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Measuring the damage is an easier task than anticipating the duration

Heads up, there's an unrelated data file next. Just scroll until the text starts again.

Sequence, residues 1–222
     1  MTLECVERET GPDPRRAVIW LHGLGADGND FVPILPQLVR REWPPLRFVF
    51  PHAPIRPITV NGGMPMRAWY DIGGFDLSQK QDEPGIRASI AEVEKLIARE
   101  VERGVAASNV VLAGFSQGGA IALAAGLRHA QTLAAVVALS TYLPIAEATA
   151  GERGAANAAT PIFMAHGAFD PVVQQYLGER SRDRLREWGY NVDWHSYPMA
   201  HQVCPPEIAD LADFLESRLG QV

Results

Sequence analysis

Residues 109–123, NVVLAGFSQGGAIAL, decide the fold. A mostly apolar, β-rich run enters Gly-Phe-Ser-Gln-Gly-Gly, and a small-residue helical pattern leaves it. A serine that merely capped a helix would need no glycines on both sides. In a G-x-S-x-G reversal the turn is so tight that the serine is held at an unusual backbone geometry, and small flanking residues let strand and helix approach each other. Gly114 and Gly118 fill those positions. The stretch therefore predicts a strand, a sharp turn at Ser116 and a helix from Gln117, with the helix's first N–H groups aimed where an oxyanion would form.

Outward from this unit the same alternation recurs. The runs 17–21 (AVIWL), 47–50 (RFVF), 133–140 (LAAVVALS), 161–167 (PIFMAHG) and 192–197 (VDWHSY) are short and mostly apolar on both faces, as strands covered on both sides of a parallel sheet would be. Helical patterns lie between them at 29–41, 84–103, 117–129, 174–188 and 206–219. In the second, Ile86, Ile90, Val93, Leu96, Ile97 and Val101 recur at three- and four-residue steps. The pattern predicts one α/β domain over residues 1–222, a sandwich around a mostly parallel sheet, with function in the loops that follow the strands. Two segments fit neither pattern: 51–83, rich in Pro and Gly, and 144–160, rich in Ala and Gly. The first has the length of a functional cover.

We’ve gone through a long period* of a large chunk of economic data being unanchored from normality and its use as a month-on-month measure of the health of the economy and of its resilience to further shocks being fairly limited. The jobs numbers released by the US Bureau of Labor Statistics on Friday indicated that total non-farm payroll employment rose by 2.5 million in May, which in and of itself is a fairly wild swing after dropping over 20 million jobs in April. But the caveats to the data bulletin explaining the circumstances of measuring this data ran to a side of A4. But now that the easing of lockdown measures is happening to various degrees across the world’s major economies, we are right at the beginning of being able to assess their ability to return to activity and what damage has been done to businesses and supply chains. (*I say a long period, but sub-zero oil prices were six weeks ago. It’s been 18 weeks since the first confirmed UK Covid-19 case. But I think that everybody’s sense of time has been unhinged by the lockdown measures.) FOR HOW LONG? So is the data coming through right now giving us an idea of how long a recovery will take? The gut reaction is that we are probably at the point where we have a pretty good idea about the depth of the damage that has been done, but that we don’t yet have a firm grasp of the rate of recovery, and with that we don’t know the duration of the downturn. And in the current climate, accepting that there are some or more “known unknowns” is a far more prudent approach to managing risk than to make predictions and attempt to extrapolate data to suit. Trade data released this morning from Germany this morning indicated the biggest declines since records began in 1990. Expectations had been for a pretty dismal drop of 15.6 percent and a EUR10bn surplus but the German Federal Statistics Agency indicated that seasonally adjusted exports declined by 24 percent while the trade surplus for Germany’s highly export-dependent economy fell to EUR3.2bn. Exports to France dropped by 48 percent, while exports to the United States declined by 35 percent. In addition to the trade numbers, surveys conducted by the Ifo economic institute reported that 24 percent of polled businesses required liquidity aid in May. As things stand, the German government expects the economy to shrink by 6.3 percent this year, citing “Collapsing global demand, interruption of supply chains, changes in consumer behaviour and uncertainty among investors.” As ever when it comes to measuring month-on-month activity rather than long-run trends it will remain crucial to pay attention to sampling periods when looking for direction of travel, but establishing whether this is the worst that things are going to get being the new good news is a theme that we are likely to see again and again in the coming weeks and months. This morning also saw the final reading of first quarter Eurozone data. There was a small upward revision to the initial reading to minus 3.6 percent, helped by an improved reading for France from minus 5.8 percent to minus 5.3 percent. Much like the initial reading, the numbers are bad, but they’re exactly what you would expect when you close down your entire economy, although the speed of the declines in household consumption at minus 4.7 percent was greater than may have been anticipated, while a 6.8 percent quarter-on-quarter decline in the services sector is pretty much what you’d expect when it includes accommodation and food services. To labour the point, we’re going to have to wait until the next GDP reading to see the damage wrought on supply chains and on businesses' abilities to return to activity.  That brief foray into fundamental economic data done and dusted, the biggest drivers this week are going to continue to be central bank activity. Tomorrow we have the eagerly anticipated pronouncement from the Federal Reserve, while the European Central Bank continues to battle deflation fears. When the Federal Reserve makes its policy announcement tomorrow, it will be under pressure to maintain or to add to its massive bond purchase programme. Despite Chairman Jerome Powell’s opposition to such a move, the US central bank is also under pressure to follow Japan and Europe and cut rates into negative territory. It is highly likely that the Fed will continue to resist these pressures, but that it will use its current zero rates alongside liquidity support to try and cushion a US economy still being hit hard by new Covid-19 cases. The aforementioned non-farm jobs numbers gave risk sentiment a short-term boost when they were released on Friday, but few see that rebound as the beginning of a rapid recovery and we see it as likely that the Fed will quickly address any exuberance over the labour market tomorrow. Along with the FOMC’s economic projections, tomorrow is going to be a bit of a wild ride in the FX markets. JOBS NUMBERS LIFT RISK APPETITE. FOR NOW. We’ve seen choppy trading through this week after a big boost to sentiment on Friday helped to lift risk appetite. At time of sending, EUR/USD continues to bounce around the 1.1280 mark despite the worrying data from Germany this morning, but with the Fed looming large we’re unlikely to see any major moves until tomorrow’s announcement. GBP WILL STRUGGLE TO MAKE MEANINGFUL GAINS ON BREXIT AND LOCKDOWN MISMATCH Sterling has had a worse time of it today, back below USD1.2700 after gaining ground on the reduced bid for dollar as a haven asset. Again, this is something that we have said plenty of times this year but sterling price action is far more sensitive to risk appetite than it might once have been thanks to continued uncertainty over Brexit negotiations. Before the global pandemic we had been consistently positive in our medium and long-term outlooks for sterling, but until there is some clarity over the United Kingdom’s future trading relationship with Europe, sterling will continue to be more risk-correlated versus euro and dollar pairs. In addition, with Britain still locked down as Europe slowly resumes activity, unfavourable comparisons will do damage to sterling as more and more data is released. To discuss any of the items we have covered in today's market update, contact us via or call us on (+44) 0203 3488 1169